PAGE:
If we traveled around the world, we would see all kinds of dancers. We might see classical ballerinas in Russia. We might see break dancers performing on the streets of New York. We might even see tango dancers in Argentina.
While the exact reasons we dance remain a mystery, there are a few theories about it.
That’s what I found out from my friend Ed Hagen, an anthropologist at Washington State University who has researched the roots of dance.
In nature, we actually see a lot of animals dancing. It’s not just humans. Bees do a kind of waggle dance where they step in a figure-eight pattern. This movement helps them communicate important information. It lets other bees know where to find the best pollen to make honey.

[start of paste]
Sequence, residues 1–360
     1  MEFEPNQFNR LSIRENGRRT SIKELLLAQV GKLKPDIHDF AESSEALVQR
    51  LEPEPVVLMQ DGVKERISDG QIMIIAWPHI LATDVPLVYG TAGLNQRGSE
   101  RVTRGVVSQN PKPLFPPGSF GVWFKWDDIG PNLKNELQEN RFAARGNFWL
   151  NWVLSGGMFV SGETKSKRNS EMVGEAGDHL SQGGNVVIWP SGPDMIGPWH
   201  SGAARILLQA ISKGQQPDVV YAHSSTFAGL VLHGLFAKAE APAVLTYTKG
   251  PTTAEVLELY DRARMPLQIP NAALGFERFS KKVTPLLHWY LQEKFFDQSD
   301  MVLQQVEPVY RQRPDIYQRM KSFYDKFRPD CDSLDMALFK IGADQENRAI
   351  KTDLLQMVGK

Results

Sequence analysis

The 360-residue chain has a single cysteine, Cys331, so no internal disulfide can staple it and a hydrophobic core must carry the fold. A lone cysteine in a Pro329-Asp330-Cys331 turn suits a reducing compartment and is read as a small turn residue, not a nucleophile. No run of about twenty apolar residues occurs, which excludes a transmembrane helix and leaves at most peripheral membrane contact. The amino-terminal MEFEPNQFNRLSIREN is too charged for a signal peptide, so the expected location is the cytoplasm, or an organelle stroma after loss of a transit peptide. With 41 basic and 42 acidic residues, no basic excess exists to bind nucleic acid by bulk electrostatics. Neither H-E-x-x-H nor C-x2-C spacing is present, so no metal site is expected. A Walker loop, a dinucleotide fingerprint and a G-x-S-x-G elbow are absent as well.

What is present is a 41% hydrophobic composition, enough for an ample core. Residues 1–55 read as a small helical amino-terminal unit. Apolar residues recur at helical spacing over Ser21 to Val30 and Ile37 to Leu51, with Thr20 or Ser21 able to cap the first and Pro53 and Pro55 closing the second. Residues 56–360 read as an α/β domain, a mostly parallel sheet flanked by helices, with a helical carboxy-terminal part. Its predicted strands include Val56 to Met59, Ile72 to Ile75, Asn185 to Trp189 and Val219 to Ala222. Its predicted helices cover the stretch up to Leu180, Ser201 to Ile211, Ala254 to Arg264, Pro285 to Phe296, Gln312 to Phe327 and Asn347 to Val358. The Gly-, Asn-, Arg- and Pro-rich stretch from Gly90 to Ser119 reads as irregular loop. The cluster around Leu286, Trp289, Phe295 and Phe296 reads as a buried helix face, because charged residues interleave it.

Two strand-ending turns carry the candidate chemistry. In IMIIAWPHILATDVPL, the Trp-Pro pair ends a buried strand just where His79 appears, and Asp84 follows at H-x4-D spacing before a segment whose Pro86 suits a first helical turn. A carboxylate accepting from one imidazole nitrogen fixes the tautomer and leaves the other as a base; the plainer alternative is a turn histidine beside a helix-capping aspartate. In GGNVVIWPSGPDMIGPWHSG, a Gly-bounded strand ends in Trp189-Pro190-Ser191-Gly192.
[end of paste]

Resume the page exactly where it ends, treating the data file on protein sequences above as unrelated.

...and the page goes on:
Birds, especially male birds, will often flutter their bright and beautiful feathers to attract a mate. Dolphins will also make graceful leaps together and twirl around in the ocean to attract a partner.
This process of using dance to find a mate is part of something called courtship, Hagen said. Dance may also be part of courtship in humans, too.